The Secret of Success in BusinessMar 28th, 2014 | By Editorial Staff | Category: Nick Kemper's Blog
There are about 70,000 bestselling books out there that will help you in your business or in your career. Maybe more. I’ve read about 70 of them. So there is a whole industry out there that produces self-help books for your business or your career. It’s kind of like consulting in print.
Here’s my problem with the consulting industry in general: If you are an expert at (fill in the blank), why aren’t you doing it? If you are a financial consultant, and you are an expert at it, why aren’t you just investing your millions to make more millions? Why are you calling me to ask me to set up an appointment to review my budget? If you are an expert at running a production facility, why aren’t you running a production facility? Why are you trying to get a consulting gig helping someone else run their production facility?
The thing is, if you are a financial expert, you are just investing your millions to make more millions. So the financial consultant who calls you to help with investing your hundreds is no expert. He’s just another schmoe working a very mundane job and he probably has a good system that will help you because it’s helped a lot of people like you.
Similarly, if you write a book about how following a particular goal-setting process will turn around your business, you are not an expert at goal-setting or at turning around a business. You are an expert at writing and selling a book. Well, you’re only an expert if you succeed at writing and selling a book.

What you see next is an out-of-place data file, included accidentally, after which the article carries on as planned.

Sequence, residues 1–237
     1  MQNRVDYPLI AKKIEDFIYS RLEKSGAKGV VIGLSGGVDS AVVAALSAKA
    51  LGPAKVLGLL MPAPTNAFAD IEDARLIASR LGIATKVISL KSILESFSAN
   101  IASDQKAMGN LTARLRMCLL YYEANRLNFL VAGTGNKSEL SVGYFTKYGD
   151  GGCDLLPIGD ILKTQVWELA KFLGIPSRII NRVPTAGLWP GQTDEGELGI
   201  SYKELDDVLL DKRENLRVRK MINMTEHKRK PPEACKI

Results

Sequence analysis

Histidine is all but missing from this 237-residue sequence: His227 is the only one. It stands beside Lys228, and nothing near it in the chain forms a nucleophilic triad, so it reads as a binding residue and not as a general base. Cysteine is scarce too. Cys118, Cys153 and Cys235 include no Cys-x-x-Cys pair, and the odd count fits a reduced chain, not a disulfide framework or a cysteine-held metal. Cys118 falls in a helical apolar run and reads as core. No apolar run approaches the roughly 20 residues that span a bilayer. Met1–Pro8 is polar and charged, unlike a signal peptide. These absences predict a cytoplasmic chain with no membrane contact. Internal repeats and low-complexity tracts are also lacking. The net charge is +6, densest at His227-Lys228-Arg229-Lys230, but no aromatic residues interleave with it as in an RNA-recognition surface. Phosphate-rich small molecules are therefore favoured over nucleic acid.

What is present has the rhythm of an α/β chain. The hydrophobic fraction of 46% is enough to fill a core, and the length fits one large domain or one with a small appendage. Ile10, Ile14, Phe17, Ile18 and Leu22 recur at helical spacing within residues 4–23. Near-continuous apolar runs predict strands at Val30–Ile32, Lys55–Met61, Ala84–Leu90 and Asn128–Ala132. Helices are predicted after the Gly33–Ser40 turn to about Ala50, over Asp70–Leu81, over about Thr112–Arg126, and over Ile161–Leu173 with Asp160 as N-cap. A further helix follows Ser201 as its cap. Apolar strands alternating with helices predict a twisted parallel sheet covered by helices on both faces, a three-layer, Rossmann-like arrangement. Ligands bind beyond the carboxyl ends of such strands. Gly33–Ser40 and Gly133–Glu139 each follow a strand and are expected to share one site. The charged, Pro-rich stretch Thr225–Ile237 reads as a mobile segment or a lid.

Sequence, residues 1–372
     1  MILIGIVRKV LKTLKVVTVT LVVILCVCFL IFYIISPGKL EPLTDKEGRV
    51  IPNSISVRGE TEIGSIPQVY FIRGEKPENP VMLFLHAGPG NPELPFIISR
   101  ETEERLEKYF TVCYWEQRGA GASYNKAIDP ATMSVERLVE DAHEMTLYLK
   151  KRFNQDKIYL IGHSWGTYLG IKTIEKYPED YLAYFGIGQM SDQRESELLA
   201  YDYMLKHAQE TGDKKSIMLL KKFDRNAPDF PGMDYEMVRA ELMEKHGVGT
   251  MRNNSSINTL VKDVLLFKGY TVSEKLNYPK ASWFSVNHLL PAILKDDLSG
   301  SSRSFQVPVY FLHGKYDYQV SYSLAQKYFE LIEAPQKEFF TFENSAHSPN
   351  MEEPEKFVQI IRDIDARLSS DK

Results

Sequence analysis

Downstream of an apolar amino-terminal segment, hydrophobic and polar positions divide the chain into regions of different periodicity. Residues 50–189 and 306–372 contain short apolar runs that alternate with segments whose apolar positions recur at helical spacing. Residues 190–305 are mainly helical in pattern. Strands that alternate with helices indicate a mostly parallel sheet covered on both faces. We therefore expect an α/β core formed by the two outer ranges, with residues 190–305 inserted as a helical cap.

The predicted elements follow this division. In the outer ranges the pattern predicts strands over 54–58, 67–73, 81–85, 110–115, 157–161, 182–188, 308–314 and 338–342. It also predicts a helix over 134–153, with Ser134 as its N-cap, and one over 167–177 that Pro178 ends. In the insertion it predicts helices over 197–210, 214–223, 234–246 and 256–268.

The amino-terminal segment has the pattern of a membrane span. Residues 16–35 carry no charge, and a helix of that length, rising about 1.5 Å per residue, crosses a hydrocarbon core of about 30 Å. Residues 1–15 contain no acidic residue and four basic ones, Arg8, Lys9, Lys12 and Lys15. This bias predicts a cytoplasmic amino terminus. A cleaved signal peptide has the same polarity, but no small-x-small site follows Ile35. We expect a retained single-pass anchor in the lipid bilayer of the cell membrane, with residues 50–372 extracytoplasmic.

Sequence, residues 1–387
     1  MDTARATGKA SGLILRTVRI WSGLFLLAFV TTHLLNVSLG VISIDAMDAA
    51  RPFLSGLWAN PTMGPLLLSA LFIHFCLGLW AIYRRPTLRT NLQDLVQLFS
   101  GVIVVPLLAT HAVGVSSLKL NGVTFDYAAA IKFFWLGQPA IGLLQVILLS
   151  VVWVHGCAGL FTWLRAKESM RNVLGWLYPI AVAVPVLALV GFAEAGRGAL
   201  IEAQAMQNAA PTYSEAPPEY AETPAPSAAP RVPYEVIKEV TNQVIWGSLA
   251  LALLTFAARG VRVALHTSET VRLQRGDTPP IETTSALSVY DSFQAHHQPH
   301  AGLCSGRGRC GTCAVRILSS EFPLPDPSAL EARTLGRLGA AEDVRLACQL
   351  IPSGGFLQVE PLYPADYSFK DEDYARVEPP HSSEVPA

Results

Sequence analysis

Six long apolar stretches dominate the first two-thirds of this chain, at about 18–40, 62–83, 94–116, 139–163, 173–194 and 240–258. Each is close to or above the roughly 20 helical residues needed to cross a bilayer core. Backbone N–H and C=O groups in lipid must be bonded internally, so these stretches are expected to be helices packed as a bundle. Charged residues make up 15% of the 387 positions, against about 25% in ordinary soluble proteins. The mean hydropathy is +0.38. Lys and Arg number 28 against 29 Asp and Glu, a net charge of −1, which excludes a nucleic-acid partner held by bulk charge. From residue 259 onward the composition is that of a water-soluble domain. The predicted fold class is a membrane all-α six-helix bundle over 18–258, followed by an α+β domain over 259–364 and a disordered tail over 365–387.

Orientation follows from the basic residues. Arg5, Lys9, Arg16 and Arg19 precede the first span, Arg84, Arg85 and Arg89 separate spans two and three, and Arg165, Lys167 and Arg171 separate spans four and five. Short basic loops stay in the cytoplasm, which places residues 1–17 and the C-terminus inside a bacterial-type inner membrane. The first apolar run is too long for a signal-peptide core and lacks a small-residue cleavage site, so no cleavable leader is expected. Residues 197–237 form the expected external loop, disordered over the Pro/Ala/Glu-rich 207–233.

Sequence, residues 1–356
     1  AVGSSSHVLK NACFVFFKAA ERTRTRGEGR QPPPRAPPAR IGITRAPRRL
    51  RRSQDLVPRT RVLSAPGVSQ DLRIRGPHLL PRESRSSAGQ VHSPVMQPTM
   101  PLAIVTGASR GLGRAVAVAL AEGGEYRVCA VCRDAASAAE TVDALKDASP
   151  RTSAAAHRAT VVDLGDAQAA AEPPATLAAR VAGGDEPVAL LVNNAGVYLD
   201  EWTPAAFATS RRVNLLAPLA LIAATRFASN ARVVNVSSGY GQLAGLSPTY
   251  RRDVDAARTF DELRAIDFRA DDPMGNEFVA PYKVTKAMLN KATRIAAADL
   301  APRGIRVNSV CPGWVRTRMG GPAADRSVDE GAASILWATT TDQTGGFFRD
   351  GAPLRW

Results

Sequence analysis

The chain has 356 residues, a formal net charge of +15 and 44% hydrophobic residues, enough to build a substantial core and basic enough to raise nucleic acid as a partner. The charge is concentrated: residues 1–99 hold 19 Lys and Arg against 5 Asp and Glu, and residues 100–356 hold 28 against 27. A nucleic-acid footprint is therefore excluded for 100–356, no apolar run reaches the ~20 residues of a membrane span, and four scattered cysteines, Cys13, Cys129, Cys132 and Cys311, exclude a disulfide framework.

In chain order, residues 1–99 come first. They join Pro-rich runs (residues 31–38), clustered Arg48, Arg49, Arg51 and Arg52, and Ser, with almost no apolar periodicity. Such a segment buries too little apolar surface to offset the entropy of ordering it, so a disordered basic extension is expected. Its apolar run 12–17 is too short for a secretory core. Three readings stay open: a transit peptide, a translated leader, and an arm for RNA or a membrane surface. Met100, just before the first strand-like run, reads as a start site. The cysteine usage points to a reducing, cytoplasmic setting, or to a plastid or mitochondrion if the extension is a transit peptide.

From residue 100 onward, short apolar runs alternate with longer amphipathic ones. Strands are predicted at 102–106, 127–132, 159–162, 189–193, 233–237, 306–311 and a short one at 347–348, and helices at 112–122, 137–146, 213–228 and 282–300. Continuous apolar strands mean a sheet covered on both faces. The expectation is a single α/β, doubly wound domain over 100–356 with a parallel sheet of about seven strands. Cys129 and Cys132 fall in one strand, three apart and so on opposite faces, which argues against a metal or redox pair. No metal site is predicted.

That’s why I’m so wary of unsolicited advice. Why are you soliciting me to give me advice? Because you need my money, or my cooperation, or my support or something else that will help you. Sorry if I sound so cynical. Heck, I’m giving you unsolicited advice right now, and it’s probably so you’ll keep reading my blogs, and maybe you’ll tell someone else to start reading my blogs, and someone might send me a nice note telling me how clever I am, and maybe someone will buy some parts from TowPartsNow.
This week I am covering for one of my co-workers at a sister company. He has a lot of responsibility. There is no way I could do everything he does even if I didn’t have my TPN gig. His employees, his boss and his other co-workers know this so they are helping me with this temporary job expansion. We are all coping with his absence and I think it’s going well.
But here’s the deal: it’s the end of day three of the week and the amount of extra work I have done so far adds up to about six hours. Does that mean that his work could be condensed down into 10 hours a week? I hardly think so. He puts in over 60, maybe 70 or even 80 hours a week. Many things he does I am not even considering doing — they are on hold until he returns.
So why is it that one person can often do two jobs more efficiently than two people?
I am going to give you the secret of success in business right now. You might find this somewhere in those 70,000 books, I don’t know. I don’t focus on it 100 percent of the time because I am weak and get distracted, but I know that it is the key to efficiency and effectiveness — my two favorite words that describe the value of a worker. What you should always do, if you have the freedom to choose what you do in your work, is to try to make your position obsolete. This is no joke.